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The UK’s house prices fell slightly by 0.1% in July compared with June – that’s the first fall seen since June 2021, according to Halifax.

The lender says that the average home price in July was £293,221 and they are warning that house prices could fall further after the Bank of England raised interest rates this week.

In their latest report, Halifax says that house prices are still £30,000 higher than they were in July 2021.

The managing director of Halifax, Russell Galley, said: “Following a year of exceptionally strong growth, UK house prices fell last month for the first time since June 2021, albeit marginally.

“While we shouldn’t read too much into any single month, especially as the fall is only fractional, a slowdown in annual house price growth has been expected for some time.”

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‘Rising borrowing costs are adding to the squeeze’
He added: “Leading indicators of the housing market have recently shown a softening of activity, while rising borrowing costs are adding to the squeeze on household budgets against a backdrop of exceptionally high house price-to-income ratios.”

Mr Galley also highlights that some factors that led to the housing market growth through the coronavirus pandemic lockdown, which include homeowners saving money and looking for larger homes and properties in rural locations because of remote and flexible working practices, still remain.

He added: “Looking ahead, house prices are likely to come under more pressure as those market tailwinds fade further and the headwinds of rising interest rates and increased living costs take a firmer hold.

“Therefore, a slowing of annual house price inflation still seems the most likely scenario.”

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‘Long-term challenge from the short supply of homes’
Mr Galley also warns that there is a ‘significant long-term challenge’ from the ‘extremely short supply of homes for sale’ that will continue to underpin high property prices.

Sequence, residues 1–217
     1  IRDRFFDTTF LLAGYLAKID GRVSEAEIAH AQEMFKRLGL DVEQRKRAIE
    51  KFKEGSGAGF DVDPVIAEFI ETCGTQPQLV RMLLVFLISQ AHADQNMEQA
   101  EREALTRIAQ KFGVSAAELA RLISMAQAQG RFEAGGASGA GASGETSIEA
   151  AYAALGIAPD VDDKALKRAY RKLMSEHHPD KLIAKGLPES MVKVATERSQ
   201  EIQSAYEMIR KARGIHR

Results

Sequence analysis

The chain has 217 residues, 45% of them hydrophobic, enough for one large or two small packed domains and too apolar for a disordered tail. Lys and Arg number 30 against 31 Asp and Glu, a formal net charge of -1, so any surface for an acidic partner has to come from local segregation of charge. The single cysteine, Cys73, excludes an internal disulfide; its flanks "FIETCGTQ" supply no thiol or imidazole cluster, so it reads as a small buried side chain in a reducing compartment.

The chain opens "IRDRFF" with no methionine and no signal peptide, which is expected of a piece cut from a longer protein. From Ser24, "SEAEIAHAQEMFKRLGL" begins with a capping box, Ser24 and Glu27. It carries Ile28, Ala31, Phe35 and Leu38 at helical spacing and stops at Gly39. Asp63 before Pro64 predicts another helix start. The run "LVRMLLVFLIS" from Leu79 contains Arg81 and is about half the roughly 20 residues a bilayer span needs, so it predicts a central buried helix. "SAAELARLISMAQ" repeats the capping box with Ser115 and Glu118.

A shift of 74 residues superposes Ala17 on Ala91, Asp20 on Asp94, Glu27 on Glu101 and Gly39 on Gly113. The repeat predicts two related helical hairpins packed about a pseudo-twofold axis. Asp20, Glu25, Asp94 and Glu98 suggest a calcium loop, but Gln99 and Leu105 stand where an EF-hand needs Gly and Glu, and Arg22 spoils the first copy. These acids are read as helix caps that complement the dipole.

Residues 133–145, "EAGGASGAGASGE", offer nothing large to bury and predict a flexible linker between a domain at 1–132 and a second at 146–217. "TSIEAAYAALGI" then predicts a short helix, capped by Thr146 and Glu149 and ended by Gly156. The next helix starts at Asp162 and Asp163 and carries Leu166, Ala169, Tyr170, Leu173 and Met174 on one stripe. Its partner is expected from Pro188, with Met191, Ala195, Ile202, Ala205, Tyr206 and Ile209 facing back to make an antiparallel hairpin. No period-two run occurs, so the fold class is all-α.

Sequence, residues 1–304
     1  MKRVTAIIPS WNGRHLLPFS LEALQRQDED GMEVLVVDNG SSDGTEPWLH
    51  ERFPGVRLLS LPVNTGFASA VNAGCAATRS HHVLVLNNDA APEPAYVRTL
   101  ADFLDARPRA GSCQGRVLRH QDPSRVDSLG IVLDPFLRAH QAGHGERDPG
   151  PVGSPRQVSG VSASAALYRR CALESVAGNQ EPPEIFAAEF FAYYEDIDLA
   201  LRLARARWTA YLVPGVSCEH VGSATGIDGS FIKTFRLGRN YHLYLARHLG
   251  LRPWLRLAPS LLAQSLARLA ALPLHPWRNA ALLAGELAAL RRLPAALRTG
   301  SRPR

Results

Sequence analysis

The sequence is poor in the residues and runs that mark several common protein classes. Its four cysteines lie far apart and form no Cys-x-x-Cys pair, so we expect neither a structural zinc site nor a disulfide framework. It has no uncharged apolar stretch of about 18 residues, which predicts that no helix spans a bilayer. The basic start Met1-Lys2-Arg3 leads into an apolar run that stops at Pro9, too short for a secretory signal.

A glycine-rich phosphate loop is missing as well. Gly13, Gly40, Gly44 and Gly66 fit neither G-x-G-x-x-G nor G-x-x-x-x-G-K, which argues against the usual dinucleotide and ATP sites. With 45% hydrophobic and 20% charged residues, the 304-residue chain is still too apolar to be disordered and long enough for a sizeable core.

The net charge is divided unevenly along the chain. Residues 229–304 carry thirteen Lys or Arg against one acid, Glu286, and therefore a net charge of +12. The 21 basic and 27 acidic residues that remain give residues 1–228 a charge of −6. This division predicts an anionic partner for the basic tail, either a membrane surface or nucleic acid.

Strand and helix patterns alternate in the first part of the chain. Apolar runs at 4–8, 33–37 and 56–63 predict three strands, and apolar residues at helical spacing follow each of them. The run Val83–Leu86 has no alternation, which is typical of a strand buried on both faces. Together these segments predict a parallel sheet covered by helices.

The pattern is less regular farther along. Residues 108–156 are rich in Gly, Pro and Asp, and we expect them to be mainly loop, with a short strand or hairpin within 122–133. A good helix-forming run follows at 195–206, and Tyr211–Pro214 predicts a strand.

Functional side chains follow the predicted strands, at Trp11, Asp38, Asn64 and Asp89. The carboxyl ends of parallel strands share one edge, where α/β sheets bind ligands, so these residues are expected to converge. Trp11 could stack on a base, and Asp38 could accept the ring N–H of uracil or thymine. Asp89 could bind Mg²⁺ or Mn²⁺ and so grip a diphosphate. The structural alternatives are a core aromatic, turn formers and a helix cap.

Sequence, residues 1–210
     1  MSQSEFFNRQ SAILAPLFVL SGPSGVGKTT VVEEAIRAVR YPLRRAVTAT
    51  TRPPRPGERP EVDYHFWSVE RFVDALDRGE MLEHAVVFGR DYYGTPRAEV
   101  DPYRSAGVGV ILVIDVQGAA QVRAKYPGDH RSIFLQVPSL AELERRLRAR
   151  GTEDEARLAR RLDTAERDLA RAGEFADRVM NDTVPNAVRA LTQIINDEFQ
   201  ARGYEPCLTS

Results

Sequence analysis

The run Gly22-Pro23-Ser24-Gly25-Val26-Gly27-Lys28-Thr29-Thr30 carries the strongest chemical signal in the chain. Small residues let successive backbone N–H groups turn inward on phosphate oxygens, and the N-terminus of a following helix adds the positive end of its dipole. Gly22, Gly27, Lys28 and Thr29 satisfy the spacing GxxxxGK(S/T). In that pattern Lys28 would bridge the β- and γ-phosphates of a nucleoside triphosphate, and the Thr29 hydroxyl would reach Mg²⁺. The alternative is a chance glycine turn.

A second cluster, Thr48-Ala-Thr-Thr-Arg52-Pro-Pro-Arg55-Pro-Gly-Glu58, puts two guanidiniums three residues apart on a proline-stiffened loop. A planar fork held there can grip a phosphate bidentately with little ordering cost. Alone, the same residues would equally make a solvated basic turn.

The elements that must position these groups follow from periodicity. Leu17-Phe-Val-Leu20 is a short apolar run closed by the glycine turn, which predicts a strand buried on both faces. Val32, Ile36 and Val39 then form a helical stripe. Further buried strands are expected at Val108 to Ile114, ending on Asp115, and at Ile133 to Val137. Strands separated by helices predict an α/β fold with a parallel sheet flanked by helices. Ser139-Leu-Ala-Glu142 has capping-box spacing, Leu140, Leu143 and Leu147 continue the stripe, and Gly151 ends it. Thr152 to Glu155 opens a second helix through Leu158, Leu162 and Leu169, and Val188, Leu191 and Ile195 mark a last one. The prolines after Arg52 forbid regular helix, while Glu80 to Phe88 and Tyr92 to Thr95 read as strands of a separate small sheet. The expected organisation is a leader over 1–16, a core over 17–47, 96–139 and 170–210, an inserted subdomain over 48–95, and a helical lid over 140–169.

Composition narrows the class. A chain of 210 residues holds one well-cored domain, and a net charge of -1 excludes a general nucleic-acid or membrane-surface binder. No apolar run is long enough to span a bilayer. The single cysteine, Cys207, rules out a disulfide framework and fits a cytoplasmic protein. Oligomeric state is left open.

News of a potential slowdown in house price inflation comes after the Bank of England unveiled its largest interest rate increase in 27 years this week.

That move was aimed at curbing soaring inflation and interest rates were increased to 1.75%, from 0.5%.

The Halifax report highlights that Wales has moved back to the top of the table for annual house price inflation – up by 14.7%, with an average property price of £222,639.

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It is closely followed by the South West of England, which also continues to record a strong rate of annual growth, up by 14.3%, with an average property cost of £310,846.

The rate of annual growth in Northern Ireland eased back slightly to +14.0%, with a typical home now costing £187,102.

The lender says that Scotland too saw a slight slowdown in the rate of annual house price inflation, to +9.6% from +9.9%. A Scottish home now costs an average of £203,677, another record high for the nation.

And while London continues to record slower annual house price inflation than the other UK regions, the increase of 7.9% is the highest in almost five years.

With an average London property now costing £551,777, the capital’s already record average house price continues to push higher, up by £40,361 over the last year. It remains by far the most expensive place in the country to buy a home.

Source: Property 118

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